David Barkai is an HPC (High Performance Computing) computational architect for Intel corporation. He has also been a member of the Distributed Solutions Lab of Intel's Corporate Technology Group, a content architect for the Intel Developer Forum conference and a software scientist in the Microcomputer Software Lab. Before joining Intel in 1996, David worked for 25 years in the field of scientific and engineering supercomputing for Control Data Corporation, Cray Research Inc., Supercomputer Systems Inc., and NASA Ames Research Center. David holds a Ph.D. in theoretical physics and has more than 20 publications as papers, conference proceedings, and textbook contributions on the subjects of physics, numerical methods, and computer applications and architectures. Most recently he authored the book "Peer-to-Peer Computing: Technologies for Sharing and Collaborating on the Net" (Intel Press, 2001) and other articles on related topics.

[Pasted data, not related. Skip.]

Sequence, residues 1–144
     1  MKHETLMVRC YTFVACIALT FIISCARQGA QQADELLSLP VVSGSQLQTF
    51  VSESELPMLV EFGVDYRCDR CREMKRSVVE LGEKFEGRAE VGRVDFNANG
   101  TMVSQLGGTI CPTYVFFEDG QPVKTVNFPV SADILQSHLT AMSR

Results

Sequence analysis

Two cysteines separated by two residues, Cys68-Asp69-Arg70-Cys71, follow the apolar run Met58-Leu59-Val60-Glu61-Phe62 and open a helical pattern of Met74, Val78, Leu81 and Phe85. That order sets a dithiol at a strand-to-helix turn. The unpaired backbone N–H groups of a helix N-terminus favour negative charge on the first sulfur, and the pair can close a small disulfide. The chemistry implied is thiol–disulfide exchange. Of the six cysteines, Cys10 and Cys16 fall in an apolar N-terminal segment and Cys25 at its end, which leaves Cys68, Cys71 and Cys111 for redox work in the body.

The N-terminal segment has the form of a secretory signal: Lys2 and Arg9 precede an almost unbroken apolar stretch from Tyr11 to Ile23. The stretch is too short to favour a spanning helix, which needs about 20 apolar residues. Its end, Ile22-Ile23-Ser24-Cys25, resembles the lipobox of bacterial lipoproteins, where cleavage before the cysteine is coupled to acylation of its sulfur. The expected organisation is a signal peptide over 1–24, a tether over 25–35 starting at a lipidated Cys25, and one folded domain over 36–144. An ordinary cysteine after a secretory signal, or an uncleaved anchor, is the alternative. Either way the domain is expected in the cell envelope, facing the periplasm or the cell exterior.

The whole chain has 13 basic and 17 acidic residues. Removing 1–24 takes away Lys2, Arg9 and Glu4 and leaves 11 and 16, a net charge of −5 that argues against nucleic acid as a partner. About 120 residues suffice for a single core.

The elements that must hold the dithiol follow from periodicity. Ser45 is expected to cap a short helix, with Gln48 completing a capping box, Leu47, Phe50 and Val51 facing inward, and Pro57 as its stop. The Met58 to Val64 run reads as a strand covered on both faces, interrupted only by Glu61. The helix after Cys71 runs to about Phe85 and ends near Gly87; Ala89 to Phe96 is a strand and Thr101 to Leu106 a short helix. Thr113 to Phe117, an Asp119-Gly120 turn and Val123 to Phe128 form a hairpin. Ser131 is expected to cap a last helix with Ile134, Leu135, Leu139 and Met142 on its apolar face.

High performance computing has undergone a metamorphosis in the last 15-20 years. The changes, and what they mean to the industry and the user community, will be reviewed. The HPC ecosystem that has evolved and Intel's role in it will then be described. From the Industry-relation view we will drill down to the computational, communications, and software components that Intel provides and enables. More academically, we will look at the HPC characteristics that differentiate it from other aspect of enterprise and commercial computing. This will be followed by a discussion about various, and interesting, performance metrics we observe as people select their HPC systems, and what we can learn from it. The talk will conclude with a quick survey of Intel's presence in the HPC community.